India has decided to sign the Minamata Convention, a global treaty to protect human health and the environment from the adverse effects of mercury. Mercury, considered highly toxic but used extensively in healthcare products, lighting and for religious purposes, will be phased out in India in the next six to 10 years. Studies by Toxic Link, a Delhi-based advocacy group, had a few years ago pushed Delhi and state governments to announce their intent of making hospitals mercury-free. For a majority of the states, however, it is still a long way to go.
Mercury, also known as quick silver, has some 3,000 industrial applications in India and can be found in thermometers and other healthcare products, paints, cosmetics, compact fluorescent lamps (CFLs), electrical switches and fertilisers. Making India mercury-free would need quite a lot of work, but the signing of the Minamata convention is a good beginning. While the old-style thermometers containing the viscous silvery liquid are no longer in wide use, having been replaced by digital gadgets, CFLs have edged out the old light bulbs because of the belief that they do not contribute to global warming and also provide greater illumination.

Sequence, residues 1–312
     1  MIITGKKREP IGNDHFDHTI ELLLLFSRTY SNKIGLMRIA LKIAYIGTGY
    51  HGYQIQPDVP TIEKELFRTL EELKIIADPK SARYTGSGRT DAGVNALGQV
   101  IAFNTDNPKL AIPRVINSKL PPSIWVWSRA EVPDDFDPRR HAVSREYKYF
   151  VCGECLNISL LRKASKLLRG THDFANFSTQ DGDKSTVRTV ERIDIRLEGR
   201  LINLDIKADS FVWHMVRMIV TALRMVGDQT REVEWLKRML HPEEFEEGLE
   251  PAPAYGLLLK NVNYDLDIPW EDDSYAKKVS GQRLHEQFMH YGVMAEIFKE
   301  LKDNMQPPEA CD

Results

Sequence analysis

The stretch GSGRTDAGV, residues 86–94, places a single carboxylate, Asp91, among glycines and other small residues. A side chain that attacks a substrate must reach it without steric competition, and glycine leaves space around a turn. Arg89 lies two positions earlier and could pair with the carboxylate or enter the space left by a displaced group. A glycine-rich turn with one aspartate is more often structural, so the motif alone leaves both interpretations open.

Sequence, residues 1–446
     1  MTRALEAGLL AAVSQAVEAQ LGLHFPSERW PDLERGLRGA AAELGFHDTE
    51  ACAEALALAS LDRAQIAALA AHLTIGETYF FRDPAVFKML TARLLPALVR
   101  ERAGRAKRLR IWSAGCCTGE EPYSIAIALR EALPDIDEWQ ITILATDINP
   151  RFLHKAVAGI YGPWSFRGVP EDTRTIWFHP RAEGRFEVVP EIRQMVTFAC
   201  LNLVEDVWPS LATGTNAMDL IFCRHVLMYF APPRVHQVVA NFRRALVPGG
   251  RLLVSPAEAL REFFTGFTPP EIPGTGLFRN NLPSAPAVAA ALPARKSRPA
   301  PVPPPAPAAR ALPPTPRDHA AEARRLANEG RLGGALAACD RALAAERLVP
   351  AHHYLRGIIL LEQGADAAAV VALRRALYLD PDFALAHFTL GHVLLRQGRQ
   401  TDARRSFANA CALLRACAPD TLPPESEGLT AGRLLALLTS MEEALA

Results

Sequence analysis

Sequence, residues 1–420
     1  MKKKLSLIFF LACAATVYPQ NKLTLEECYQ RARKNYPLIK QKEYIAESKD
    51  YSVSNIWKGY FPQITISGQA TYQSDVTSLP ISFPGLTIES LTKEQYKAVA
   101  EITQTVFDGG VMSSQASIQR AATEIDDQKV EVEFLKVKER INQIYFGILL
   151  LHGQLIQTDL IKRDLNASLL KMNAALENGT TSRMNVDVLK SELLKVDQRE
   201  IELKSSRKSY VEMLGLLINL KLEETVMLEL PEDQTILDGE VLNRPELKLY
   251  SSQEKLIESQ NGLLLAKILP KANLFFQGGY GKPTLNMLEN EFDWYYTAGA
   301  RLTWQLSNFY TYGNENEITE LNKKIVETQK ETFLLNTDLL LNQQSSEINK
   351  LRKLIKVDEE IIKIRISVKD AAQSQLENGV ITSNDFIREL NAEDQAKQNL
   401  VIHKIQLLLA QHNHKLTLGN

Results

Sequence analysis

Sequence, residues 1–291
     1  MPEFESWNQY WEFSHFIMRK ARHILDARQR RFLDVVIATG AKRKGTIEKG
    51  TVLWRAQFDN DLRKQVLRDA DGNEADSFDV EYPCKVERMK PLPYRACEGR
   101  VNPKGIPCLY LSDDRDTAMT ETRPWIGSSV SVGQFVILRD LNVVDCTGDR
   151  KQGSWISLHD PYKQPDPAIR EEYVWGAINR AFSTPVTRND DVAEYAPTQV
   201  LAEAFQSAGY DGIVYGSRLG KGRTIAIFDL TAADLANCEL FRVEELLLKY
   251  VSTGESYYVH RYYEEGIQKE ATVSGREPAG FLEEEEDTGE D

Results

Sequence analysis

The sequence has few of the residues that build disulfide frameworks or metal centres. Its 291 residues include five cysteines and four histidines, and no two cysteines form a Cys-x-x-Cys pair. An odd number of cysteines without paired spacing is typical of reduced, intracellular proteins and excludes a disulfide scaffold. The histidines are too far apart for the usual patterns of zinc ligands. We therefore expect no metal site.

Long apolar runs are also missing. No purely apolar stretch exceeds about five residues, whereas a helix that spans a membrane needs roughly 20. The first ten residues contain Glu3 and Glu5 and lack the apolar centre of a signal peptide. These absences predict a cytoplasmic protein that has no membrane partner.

CFLs have been also encouraged because they last longer and consume less electricity, in effect, as their promoters argue, reducing the demand for power and enabling power plants to burn less amounts of coal. Although the burning of coal too releases mercury into the atmosphere—as do CFLs when they break or are improperly disposed of—the balance had nevertheless tilted in their favour in recent years. But, new thinking is prevailing and these fluorescent lights will soon be on their way out. For other applications, the natural resistance to change will make the users persist with old habits unless there is greater effort to publicise the dangers of using the poisonous liquid metal that poses health and environmental hazards.